The basic plan for testing was pretty simple:

  1. Build Nginx container image.
  2. Build Apache webserver image.
  3. Stop httpd and php-fpm on cloud host
  4. Start Nginx and Apache containers
  5. Profit

I suppose I can happily report that steps 1 through 4 went off without a hitch. Step 5 is where the problems started.

A basic rundown of how I set up the Nginx reverse proxy:

  1. All incoming http and https connections would reach the Nginx reverse proxy that is listening on tcp/80 and tcp/443.
  2. Any plain text http connections to any website would get redirected to https and then passed on to the appropriate container.
  3. SSL/TLS termination handled by the reverse proxy using Certbot.
  4. Each website will be restricted to its own container listening on ports 8080, 8081, 8082,etc…

The basic Nginx reverse proxy configuration looks like this, for now:

    upstream sudoeditServers {
        server <ip_address>:8080;

    # HTTP server
    # Proxy with no SSL

        server {rewrite ^(/.well-known/acme-challenge/.*) $1 break; # managed by Certbot

            listen       80;
            return 301 https://$host$request_uri;
            location = /.well-known/acme-challenge # managed by Certbot


    # HTTPS server
    # Proxy with SSL

        server {
            listen       443;

             location / {
             proxy_set_header Host $http_host;
             proxy_pass http://sudoeditServers$request_uri;
             proxy_set_header X-Real-IP $remote_addr;
             proxy_set_header X-Forwarded-For $proxy_add_x_forwarded_for;
             proxy_set_header X-Forwarded-Host $server_name;
             proxy_set_header X-Forwarded-Proto https;

            ssl                  on;
            ssl_certificate      /etc/letsencrypt/live/;
            ssl_certificate_key  /etc/letsencrypt/live/;
            include /etc/letsencrypt/options-ssl-nginx.conf;


For the final implementation I’ll have some clean up work to do here. That will all be outlined when I do the final write up after everything is done.

Other than a couple deprecated, but still working parameters what’s the problem?

Too many redirects

Much like the train in this picture you have to be careful how you set up redirects when you host a website. This is doubly true if that site is sitting behind a reverse proxy or a load balancer.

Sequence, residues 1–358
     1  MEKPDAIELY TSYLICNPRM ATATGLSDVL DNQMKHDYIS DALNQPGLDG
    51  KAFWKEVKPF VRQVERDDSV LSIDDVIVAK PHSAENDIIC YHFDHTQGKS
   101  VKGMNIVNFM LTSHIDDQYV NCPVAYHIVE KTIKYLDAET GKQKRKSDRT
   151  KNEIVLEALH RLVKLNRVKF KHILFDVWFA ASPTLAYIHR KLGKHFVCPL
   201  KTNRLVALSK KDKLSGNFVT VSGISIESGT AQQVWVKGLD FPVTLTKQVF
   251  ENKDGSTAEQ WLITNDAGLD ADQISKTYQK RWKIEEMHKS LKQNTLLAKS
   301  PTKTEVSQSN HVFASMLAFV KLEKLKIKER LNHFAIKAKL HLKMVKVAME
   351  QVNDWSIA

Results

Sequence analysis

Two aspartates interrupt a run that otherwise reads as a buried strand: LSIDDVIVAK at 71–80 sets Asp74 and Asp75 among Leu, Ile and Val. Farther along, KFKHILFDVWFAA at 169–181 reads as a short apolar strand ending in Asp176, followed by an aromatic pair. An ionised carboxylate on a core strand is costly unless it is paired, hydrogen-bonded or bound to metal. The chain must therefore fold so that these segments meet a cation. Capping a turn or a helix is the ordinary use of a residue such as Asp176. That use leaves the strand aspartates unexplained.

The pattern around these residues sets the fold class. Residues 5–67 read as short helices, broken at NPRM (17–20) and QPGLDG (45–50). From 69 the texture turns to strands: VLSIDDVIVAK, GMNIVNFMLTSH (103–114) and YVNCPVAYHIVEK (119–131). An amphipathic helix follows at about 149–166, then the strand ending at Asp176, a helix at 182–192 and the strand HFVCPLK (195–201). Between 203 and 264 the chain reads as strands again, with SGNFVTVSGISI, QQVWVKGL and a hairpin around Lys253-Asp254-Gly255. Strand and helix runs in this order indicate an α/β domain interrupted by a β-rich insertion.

When I was running my first tests, I simply made a copy of my virtual host files and used a bind mount to make the site’s configuration file available to the web container. At the time it didn’t occur to me that there would be a problem when both the Nginx reverse proxy AND the Apache virtual host file tried to redirect the connecting client from http to https. - After all, Nginx should’ve already done that so any connection to the virtual host should be secure already… right?

Wrong, I hadn’t thought that all the way through. Remember Nginx was not just redirecting to https, it was also acting as an SSL termination point, and then passing traffic to a container on an alternate point. This means that all the traffic hitting the container was over http, triggering another redirect on every visit.

What I had initially ignored as a redundant artifact from the pre-container days on this site, turned out to be the cause of an endless redirect loop, that would make it impossible for anyone to view the web page.

Take a look at the virtual host configuration file. At the very bottom you can see the rewrite rules that were put in place by Certbot when I initially set up the website.

    <VirtualHost *:80>
    	# The ServerName directive sets the request scheme, hostname and port that
    	# the server uses to identify itself. This is used when creating
    	# redirection URLs. In the context of virtual hosts, the ServerName
    	# specifies what hostname must appear in the request's Host: header to
    	# match this virtual host. For the default virtual host (this file) this
    	# value is not decisive as it is used as a last resort host regardless.
    	# However, you must set it for any further virtual host explicitly.
            Protocols h2 h2c

    	ServerAdmin [email protected]
    	DocumentRoot /var/www/html/sudoedit/

    	# Available loglevels: trace8, ..., trace1, debug, info, notice, warn,
    	# error, crit, alert, emerg.
    	# It is also possible to configure the loglevel for particular
    	# modules, e.g.
    	#LogLevel info ssl:warn

    	ErrorLog /var/log/httpd/sudoedit_error_log
    	CustomLog /var/log/httpd/sudoedit_access_log combined

    	# For most configuration files from conf-available/, which are
    	# enabled or disabled at a global level, it is possible to
    	# include a line for only one particular virtual host. For example the
    	# following line enables the CGI configuration for this host only
    	# after it has been globally disabled with "a2disconf".